Jun 3, 2010


by Peter Dickinson

I've always marveled at how differently other species experience the world. What would it be like, I wondered countless times as a child, to flex your wings and navigate the air like a bird? to follow a scent that tells you a thousand things, to feel the smallest tremor of movement via your whiskers...? Thus Eva was a book that really intrigued me as a teen. Warning: I may be unable to resist a few spoilers. If you want to be surprised, just read the book without finishing my post!

This is a futuristic story, set in a time where most large animals have gone extinct in the wild, only existing on film or in zoos. Eva, just thirteen years old, suffers a horrific accident and wakes up after a lengthy coma in the hospital. She's disorientated, confused by strange dreams. She's unable to move, and can hardly speak. At first her parents try to keep her from realizing what's been done to her, but soon she learns that through some freakish advanced medical science, her mind, her very self, has been put into the body of a chimpanzee. Suspend your disbelief and jump into the narrative, and the ensuing story is fascinating.

At first Eva struggles just to make sense of her new experience. How to move her limbs, how to communicate, etc. It's not too difficult for her to accept her new reality, as she grew up among chimps (her father did research work with them). But the fame is another thing. People react to her with pity, or horror, or even trying to turn her situation into a media opportunity. Some want to make her a scientific study, others the pivotal figure for an environmental movement. But she really just wants to find herself, and live fully this new experience. Eva eventually gains access to a compound where chimpanzees are captive, but pretty much lead their own lives. It takes time and patience for her to become accepted by them, and at first she just sits quietly to observe. She can't help ending up interacting with them, and her presence begins to change their behavior as well. Drawing on primal memories she feels in her dreams, she starts to long for the natural environment chimps used to live in, and begins to incite her primate companions to break out and try to find that way of life again. It's not a move that will be met with acceptance by most of the people that surround her, however.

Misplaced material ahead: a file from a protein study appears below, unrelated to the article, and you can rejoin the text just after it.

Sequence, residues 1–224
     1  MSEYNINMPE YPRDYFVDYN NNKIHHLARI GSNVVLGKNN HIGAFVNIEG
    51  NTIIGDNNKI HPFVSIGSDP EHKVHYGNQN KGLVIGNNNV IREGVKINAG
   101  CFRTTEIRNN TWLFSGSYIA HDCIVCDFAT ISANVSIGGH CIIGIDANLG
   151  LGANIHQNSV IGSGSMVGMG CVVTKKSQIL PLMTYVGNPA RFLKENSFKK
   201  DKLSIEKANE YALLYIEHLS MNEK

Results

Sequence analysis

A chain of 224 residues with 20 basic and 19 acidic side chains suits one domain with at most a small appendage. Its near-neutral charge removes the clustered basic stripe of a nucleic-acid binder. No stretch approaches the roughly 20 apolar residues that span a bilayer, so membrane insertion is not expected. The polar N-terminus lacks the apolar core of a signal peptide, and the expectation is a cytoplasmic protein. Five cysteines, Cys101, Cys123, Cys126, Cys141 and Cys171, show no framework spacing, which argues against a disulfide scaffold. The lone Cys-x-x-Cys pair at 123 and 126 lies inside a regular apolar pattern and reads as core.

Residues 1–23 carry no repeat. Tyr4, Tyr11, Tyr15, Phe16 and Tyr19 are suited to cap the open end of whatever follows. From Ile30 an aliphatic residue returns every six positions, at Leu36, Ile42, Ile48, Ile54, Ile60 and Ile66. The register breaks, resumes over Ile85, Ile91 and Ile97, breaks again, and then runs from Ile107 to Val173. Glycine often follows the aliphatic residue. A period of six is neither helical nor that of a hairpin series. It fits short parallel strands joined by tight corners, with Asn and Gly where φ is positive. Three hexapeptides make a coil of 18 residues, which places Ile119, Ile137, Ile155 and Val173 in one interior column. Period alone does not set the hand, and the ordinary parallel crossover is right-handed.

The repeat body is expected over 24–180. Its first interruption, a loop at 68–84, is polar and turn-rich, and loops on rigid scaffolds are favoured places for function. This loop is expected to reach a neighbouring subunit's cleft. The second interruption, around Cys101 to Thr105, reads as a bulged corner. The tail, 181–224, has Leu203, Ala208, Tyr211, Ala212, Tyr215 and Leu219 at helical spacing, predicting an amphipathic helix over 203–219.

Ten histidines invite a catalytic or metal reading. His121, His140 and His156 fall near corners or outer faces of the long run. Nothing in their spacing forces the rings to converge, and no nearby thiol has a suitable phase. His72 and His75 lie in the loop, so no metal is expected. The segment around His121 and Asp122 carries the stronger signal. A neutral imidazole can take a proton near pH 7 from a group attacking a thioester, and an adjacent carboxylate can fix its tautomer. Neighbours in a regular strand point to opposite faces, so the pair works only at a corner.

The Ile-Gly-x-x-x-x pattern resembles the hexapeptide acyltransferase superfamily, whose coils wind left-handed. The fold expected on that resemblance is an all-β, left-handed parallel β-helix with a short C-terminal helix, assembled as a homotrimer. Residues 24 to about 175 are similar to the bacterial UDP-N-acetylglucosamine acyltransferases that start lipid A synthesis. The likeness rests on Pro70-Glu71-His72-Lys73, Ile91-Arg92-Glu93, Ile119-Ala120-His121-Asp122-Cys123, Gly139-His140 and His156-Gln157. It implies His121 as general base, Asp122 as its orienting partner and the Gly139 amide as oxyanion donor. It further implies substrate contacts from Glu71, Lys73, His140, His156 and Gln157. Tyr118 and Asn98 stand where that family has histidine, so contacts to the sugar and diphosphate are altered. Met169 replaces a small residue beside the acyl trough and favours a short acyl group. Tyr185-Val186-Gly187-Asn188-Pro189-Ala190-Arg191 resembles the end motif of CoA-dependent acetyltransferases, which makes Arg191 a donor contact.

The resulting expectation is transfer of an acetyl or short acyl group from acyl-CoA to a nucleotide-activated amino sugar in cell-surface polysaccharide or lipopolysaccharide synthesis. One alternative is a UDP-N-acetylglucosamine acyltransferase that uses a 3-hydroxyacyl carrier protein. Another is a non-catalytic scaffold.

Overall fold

Well, I think I've said too much already! If you like dystopias and animal stories, this book is a perfect mix of the two. It's got well-drawn characters, sticky environmental issues, wonderful descriptions and page-turning events. Just putting all this down makes me want to pick it up and read again right now. I've looked but never found another Dickinson book I liked quite as well. Has anyone read other titles by him? got a recommendation?

This book is part of my permanent collection; I bought my copy used.

Rating: 3/5 ........ 219 pages, 1988

More opinions at:
Eating YA Books


  1. I have no recommendations for further Dickinson reading, although I know that he's married to Robin McKinley and they've done two (maybe three?) compilations of stories together. Maybe those would be a good next place to go on Dickinson?

  2. Sounds interesting, if a little strange. Thanks for the review!

  3. Jenny- I knew he was married to McKinley (a favorite author!) but I didn't know they'd done stories together. Does that mean they're collections of shorts, and they both wrote some? or they worked on the stories as co-authors?

    BlackSheep- It is kind of a strange book! but good nonetheless.

  4. Oh, wow, this is McKinley's husband, eh? How interesting. This looks like a book that would have blown my mind back in the day. Very cool review! And I love that you included the various book covers!

  5. Chandra- I don't usually include more than one cover, but I thought they were all so interesting I had to share multiples!

  6. I had a Peter Dickinson fixation after I read Eva in jr. high. My favorites were The Seventh Raven and A Bone From a Dry Sea. They're all very different books, but compelling.

    Thanks for the link! :)

  7. Sam- Thanks for the recommendations! I'm definitely going to look for those titles.


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